July 23, 2009
Last Call for “Red Flag” Compliance Planning
As we reported in our May 1, 2009 Client Alert, the Federal Trade Commission (FTC) issued a last-minute reprieve to businesses struggling with development of Red Flag identity theft prevention programs. Creditors and financial institutions were given more time to develop and implement written identity theft prevention programs, but the reprieve is coming to an end. The FTC is scheduled to begin enforcement of the new “Red Flags Rule” on August 1, 2009.
The Fair and Accurate Credit Transactions Act of 2003 (FACTA) directed financial regulatory agencies—including the FTC—to set forth rules requiring “creditors” and “financial institutions” with covered accounts to implement programs to identify, detect, and respond to patterns, practices, or specific activities that could indicate identity theft.
The definition of “creditor” in the Red Flag Rules is very broad—and includes far more than the traditional notion of a business that extends credit. “Creditors” are any entities that regularly extend or renew credit—or arrange for others to do so—and regularly permit deferred payments for goods or services. Some examples are:
- Businesses that provide services and bill later, including many providers of professional services
- Non-profit and government entities that defer payment for goods or services
- Retailers that issue credit cards, or arrange for a third party to issue credit cards
- Finance companies
- Automobile dealers that provide or arrange financing
- Mortgage brokers
- Utility companies
- Telecommunications companies.
“Financial institutions” include entities that offer accounts that enable consumers to write checks or make payments to third parties through other means, such as telephone transfers.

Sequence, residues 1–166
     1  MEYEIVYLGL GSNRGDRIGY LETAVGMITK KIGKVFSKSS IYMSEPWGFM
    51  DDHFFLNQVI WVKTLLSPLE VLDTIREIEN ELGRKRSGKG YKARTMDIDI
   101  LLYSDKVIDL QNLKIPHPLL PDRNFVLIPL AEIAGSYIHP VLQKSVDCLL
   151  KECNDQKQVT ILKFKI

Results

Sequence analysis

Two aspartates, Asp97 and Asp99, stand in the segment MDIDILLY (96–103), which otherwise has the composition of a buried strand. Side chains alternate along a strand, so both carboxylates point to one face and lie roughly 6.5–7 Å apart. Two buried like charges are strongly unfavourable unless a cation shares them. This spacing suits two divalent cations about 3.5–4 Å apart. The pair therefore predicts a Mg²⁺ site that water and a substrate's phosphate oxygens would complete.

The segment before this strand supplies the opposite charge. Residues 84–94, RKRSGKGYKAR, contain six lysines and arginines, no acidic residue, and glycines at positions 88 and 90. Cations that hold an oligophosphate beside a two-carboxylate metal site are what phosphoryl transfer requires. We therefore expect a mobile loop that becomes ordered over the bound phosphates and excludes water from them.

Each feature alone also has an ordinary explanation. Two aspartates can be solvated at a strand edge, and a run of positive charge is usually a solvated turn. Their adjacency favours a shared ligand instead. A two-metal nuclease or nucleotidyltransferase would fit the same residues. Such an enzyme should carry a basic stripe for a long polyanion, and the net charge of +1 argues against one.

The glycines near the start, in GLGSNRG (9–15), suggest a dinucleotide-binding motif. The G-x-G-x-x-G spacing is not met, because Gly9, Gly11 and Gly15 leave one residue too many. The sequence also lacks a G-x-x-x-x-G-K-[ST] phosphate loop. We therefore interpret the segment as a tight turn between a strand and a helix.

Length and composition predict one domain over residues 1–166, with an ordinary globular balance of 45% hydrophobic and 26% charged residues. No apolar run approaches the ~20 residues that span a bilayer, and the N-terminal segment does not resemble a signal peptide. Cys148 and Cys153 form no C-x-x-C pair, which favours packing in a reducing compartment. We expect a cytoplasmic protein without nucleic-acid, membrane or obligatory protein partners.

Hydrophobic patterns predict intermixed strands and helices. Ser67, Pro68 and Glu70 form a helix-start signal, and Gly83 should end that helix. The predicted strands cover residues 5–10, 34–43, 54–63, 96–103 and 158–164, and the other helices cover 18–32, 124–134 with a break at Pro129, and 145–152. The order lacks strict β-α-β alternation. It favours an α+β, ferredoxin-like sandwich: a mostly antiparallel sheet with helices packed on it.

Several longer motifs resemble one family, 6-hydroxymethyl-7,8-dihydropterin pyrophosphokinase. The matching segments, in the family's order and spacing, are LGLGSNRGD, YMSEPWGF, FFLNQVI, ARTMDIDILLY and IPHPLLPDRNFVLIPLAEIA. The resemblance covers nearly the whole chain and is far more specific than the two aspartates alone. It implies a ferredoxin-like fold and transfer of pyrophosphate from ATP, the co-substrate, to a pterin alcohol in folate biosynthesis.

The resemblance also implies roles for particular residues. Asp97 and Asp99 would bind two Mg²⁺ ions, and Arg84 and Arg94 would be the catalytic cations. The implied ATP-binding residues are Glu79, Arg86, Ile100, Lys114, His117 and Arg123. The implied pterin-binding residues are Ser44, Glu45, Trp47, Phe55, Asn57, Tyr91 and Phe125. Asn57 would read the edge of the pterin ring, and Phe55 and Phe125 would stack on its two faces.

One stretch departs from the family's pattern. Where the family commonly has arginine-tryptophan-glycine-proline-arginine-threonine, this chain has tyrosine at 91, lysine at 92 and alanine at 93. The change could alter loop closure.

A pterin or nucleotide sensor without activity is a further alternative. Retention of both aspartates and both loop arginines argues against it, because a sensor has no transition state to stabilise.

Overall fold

By August 1, 2009, these “creditors” and “financial institutions” with covered accounts will need to implement a written identity theft prevention program containing policies that identify, detect, and respond to “red flags”—patterns, practices, activities, or incidents that potentially implicate identity theft—while also ensuring the program is reviewed and updated in order to adjust to changing and developing identity theft risks.
Besides containing the four fundamental elements—identify, detect, respond, and ensure—each written identity theft prevention program must outline the patterns, practices, activities, and/or incidents that constitute “red flags” of identity theft, which can include:
- Alerts, notifications, or warnings received from a consumer credit reporting agency
- The submission of suspicious documentation that appears to be altered or inconsistent with other documents on file
- The submission of suspicious Personally Identifying Information (PII), such as multiple addresses
- Unusual or suspicious use of, or access to, a covered account
- Notification from consumers or law enforcement authorities indicating suspected or actual identity theft.
Small businesses and those who are at low risk for identity theft must still have a “Red Flag program,” but the FTC provides guidelines and a sample program for qualifying entities, including those that know their customers personally and are at a low risk for identity theft. Under the FTC’s guidance, low-risk businesses include:
- Businesses, such as doctor or lawyer practices, that are personally familiar with their customers and therefore are unlikely to be fooled by impostors
- Businesses that provide services at customers’ homes
- Businesses that have never received a complaint or discovered an incident of identity theft
- Industries in which identity theft is uncommon.
Those businesses that do not fall into the category of “low risk” are required to undertake a more in–depth review of the risks, and should be implementing a substantially more detailed identity theft prevention program by the August 1, 2009 deadline.
Mintz Levin’s Privacy and Security group has been working with clients on the development of Red Flag compliance programs. We can help conduct risk assessments and develop or review your Red Flag program and policies, including employee training; advise on duties to detect, prevent, and mitigate identity theft; analyze and prepare vendor agreements that comply with your Red Flag duties; and advise senior management on responsibilities under the regulations.
Copyright © 2009 Mintz, Levin, Cohn, Ferris, Glovsky and Popeo, P.C.
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